March Archives - Robot 6 @ Comic Book Resources
Conventions | Rob Salkowitz, author of Comic-Con and the Business of Pop Culture, looks at the uptick in comics conventions — he pegs ticket sales at $600 million, which is 80 percent of the dollar value of the whole comics market — and discusses some recent events and trends, including the new cons that are popping up all over and the increased international interest in connvetions outside the United States. [ICv2]
Publishing | Marvel CEO Isaac Perlmutter makes the list of “10 Inspirational Leaders Who Turned Around Their Companies.” [Entrepreneur]
Creators | Colleen Coover posts the full transcript of her recent interview with Paste magazine about sexism in the comics industry. [Colleen Coover]
Creators | Frannie Jackson talks with a handful of prominent creator couples — Mike Allred and Laura Allred, Kelly Sue DeConnick and Matt Fraction, Colleen Coover and Paul Tobin — about sexism within the comics industry. “I’m occasionally invited to participate in panel discussions about ‘women in comics,’” Coover says. “I’m usually emotionally torn by those invitations, because, yeah, I want women in comics to thrive and be seen as thriving, but I’d much rather be part of a discussion about ‘awesome creators in comics’ that’s stacked with awesome women and men.” [Paste]
Retailing | Andrew Wyrich visits several comics shops in the North Jersey area and finds they rely on a friendly atmosphere and incentive programs to keep customers coming back. “People who buy comics tend to have a $40 weekly budget,” said Len Katz, co-owner of The Joker’s Child in Fair Lawn, New Jersey. “We hear of people who love comics, but eventually just hit a wall with expenses. The key for us is to get customers coming back. The reality is we are not a necessary item; we aren’t milk, bread or cheese.” [The Record]
Passings | Animator and blogger Michael Sporn died Sunday in New York City from pancreatic cancer. He was 67. Sporn’s short film Doctor DeSoto, based on William Steig’s book, was nominated for an Oscar, and his The Man Who Walked Between the Towers won several awards. He created animated adaptations of a number of children’s books, including Lyle Lyle Crocodile and Goodnight Moon, for HBO. In comics circles, he was also known as a blogger who turned up cool bits and pieces of animation and art. [Variety]
Publishing | Torsten Adair crunches some numbers from The New York Times 2013 bestseller lists, looking at each category and, in some cases, each publisher separately and breaking down the charting books into easy-to-follow pie charts. [The Beat]
Legal | Ecuadorean cartoonist Xavier Bonilla has received a court summons on unspecified charges that seem to relate to a cartoon that President Rafael Correa finds offensive. The case was brought by Ecuador’s new media regulator; Correa has stepped up attacks on the press in recent years, and the newspaper that runs Bonilla’s cartoons, El Universo, has been prosecuted in the past. [Business Standard]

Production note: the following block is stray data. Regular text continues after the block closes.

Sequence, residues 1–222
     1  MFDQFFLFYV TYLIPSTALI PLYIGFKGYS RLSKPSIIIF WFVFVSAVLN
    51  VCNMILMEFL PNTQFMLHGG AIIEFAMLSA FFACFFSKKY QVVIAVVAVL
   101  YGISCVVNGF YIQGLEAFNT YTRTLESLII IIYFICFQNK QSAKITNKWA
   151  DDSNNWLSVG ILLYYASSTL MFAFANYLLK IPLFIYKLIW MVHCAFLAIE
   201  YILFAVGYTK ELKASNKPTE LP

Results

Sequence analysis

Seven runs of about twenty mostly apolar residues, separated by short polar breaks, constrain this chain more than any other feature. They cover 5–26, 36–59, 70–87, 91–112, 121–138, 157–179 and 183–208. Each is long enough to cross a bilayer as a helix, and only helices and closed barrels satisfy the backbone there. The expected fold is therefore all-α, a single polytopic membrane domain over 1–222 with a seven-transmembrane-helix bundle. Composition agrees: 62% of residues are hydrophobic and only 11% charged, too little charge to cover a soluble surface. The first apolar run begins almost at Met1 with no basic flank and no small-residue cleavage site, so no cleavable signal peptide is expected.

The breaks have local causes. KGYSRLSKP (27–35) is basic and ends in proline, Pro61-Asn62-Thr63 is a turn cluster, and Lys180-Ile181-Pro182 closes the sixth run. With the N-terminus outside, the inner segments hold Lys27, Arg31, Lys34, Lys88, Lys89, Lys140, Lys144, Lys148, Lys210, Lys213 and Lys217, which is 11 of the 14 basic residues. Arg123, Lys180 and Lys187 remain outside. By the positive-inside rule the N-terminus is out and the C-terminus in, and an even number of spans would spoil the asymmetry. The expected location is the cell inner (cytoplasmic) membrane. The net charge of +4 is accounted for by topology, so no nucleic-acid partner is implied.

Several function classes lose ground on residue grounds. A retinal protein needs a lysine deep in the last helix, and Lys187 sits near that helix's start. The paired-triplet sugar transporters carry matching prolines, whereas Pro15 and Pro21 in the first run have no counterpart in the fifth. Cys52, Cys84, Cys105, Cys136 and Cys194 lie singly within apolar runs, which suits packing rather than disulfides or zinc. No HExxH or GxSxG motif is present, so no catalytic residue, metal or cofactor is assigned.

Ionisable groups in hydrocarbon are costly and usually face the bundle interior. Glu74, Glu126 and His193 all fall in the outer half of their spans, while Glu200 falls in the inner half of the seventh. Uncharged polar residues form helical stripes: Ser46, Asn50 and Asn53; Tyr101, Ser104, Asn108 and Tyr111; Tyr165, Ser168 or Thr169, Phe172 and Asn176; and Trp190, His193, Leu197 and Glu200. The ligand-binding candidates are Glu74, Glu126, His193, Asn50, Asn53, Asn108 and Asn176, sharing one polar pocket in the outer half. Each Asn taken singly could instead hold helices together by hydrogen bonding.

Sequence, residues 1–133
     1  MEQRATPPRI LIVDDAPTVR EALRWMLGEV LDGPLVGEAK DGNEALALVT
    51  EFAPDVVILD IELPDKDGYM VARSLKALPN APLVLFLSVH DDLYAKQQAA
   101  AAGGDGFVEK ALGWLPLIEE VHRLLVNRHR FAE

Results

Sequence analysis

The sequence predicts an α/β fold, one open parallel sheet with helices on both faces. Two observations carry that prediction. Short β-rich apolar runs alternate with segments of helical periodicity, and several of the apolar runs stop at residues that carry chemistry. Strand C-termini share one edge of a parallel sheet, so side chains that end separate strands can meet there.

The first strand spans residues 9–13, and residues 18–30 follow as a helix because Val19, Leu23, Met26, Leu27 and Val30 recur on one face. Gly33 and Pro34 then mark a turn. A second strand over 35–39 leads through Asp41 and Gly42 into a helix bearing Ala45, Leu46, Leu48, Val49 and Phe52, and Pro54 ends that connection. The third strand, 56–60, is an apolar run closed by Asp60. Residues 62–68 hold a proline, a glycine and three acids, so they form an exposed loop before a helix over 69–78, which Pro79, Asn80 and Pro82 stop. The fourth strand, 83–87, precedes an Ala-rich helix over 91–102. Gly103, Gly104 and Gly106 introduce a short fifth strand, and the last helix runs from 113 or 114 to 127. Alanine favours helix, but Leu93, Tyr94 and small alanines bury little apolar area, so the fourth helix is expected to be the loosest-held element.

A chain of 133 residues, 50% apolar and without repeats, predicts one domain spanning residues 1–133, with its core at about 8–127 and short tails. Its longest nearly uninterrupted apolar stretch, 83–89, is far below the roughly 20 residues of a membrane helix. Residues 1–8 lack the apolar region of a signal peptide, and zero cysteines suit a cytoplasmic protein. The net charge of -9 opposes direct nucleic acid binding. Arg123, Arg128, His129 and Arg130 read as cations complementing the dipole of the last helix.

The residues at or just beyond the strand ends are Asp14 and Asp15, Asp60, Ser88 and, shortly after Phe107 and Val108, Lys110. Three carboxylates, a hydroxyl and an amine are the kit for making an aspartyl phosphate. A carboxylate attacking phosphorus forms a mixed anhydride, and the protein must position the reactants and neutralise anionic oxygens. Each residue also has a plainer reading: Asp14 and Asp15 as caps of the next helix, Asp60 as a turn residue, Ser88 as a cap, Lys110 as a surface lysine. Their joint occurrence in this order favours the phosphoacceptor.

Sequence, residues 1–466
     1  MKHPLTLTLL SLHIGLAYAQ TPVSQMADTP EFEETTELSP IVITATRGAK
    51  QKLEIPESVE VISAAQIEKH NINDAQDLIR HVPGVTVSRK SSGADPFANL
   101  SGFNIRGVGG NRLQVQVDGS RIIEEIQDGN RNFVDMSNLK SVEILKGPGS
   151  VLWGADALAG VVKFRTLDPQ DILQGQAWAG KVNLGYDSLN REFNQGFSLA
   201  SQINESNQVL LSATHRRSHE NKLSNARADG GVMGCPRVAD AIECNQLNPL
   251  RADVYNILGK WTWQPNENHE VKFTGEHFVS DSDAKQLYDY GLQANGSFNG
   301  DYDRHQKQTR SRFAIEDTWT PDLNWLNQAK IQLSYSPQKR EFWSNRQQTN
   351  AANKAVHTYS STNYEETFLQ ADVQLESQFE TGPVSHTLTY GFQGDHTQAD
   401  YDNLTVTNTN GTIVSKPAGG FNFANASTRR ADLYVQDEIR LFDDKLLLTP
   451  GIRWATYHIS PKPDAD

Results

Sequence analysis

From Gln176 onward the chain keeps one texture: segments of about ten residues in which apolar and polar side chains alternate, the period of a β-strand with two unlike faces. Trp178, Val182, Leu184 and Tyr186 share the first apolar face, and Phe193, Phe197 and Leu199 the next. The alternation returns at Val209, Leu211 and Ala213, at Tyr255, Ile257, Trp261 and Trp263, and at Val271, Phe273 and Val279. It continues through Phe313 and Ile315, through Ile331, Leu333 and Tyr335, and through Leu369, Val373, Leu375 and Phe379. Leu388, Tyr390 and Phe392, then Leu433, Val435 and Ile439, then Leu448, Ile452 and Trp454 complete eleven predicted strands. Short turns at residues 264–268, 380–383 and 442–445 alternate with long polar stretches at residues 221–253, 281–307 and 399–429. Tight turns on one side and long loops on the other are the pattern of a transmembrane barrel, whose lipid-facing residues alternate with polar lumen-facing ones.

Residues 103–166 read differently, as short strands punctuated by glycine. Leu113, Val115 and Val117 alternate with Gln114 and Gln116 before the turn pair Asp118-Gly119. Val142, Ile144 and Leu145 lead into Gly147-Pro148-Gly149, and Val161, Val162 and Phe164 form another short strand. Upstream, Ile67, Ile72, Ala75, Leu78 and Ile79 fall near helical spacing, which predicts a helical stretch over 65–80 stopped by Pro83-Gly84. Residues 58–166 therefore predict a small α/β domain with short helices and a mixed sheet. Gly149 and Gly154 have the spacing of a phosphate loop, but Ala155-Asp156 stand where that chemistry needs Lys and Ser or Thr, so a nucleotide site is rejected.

Censorship | Michael Dooley looks at successful and unsuccessful attempts to remove comics from schools and libraries over the past 13 years; this short roundup is informative in its own right, and it’s apparently a sidebar to a longer article that’s not available for free. [Print Magazine]
Business | Bitstrips co-founder and CEO Jacob “Ba” Blackstock, whose DIY avatar and comic strip app exploded in 2013, reflects on the lessons of the year, and sketches out the Toronto company’s goals for 2014. Unsurprisingly, those include finding more uses for its comics and, y’know, making money (earlier this month, Bitstrips confirmed a $3 million injection of venture capital, which will go toward more engineers, artists and designers). [Entrepreneur]
Creators | Tom Spurgeon interviews Nate Powell about his work on March, the graphic novel memoir of Rep. John Lewis’ experiences in the civil rights movement, and one of the most acclaimed books of the year. [The Comics Reporter]
Between the chart-topping sales, rave reviews and widespread media coverage, it’s pretty easy to make a case for March: Book One as graphic novel of the year. To ensure that Rep. John Lewis’ congressional colleagues don’t miss out on the acclaimed civil-rights memoir, publisher Top Shelf is presenting all of the members of the U.S. Senate and House of Representatives with digital copies of the book, along with the groundbreaking comic that inspired it, Martin Luther King and the Montgomery Story.
In a letter accompanying the gift, Lewis explained that March “is not just my story, it’s the story of a movement, the story of a generation that stood up for justice in our country.”
The Georgia Congressman continued, “Just like the comic book I read more than 50 years ago, it is my hope that this graphic novel can inspire new generations to speak up and speak out, to make their voice heard, and, hopefully, to make our nation a more just and peaceful place for all.”
Co-written with Andrew Aydin and illustrated by Nate Powell, the graphic novel recounts Lewis’ you in rural Alabama, his life-changing meeting with Martin Luther King Jr., and the Selma to Montgomery marches. The second volume in the planned trilogy is set to arrive next year.
Last night, MSNBC’s The Rachel Maddow Show devoted a full 10-minute segment to March, its creators Rep. John Lewis, Andrew Aydin and Nate Powell, and to Martin Luther King and the Montgomery Story, the 1958 comic that helped to inspire the civil-rights movement.
While many authors, musicians and politicians have cited increased sales and profiles following their appearances on The Colbert Report — the frequently mentioned, by Stephen Colbert himself, “Colbert Bump” — March seems seems to be the beneficiary of the lesser-known “Maddow Bump”: Following last night’s episode, the book rocketed to No. 12 on the Amazon Best Seller list, its peak position.
Maddow, an avowed comics fan, recently conducted a one-hour interview with Lewis about March at the Kentucky Author Forum. CBR spoke with the March team in June, and in July at Comic-Con International in San Diego.
As we reported earlier this week, publisher Top Shelf Productions has partnered with Fellowship of Reconciliation to offer Martin Luther King and the Montgomery Story in a digital bundle with March. Watch the Maddow segment below.
Congressman John Lewis has been asked in numerous interviews why he chose the graphic novel format for March, his memoir of the civil-rights movement, and his answer is that he and many others involved with that movement had been inspired, in part, by a comic book. And now Top Shelf is publishing that original comic as part of a digital bundle with March — and also releasing a special print edition.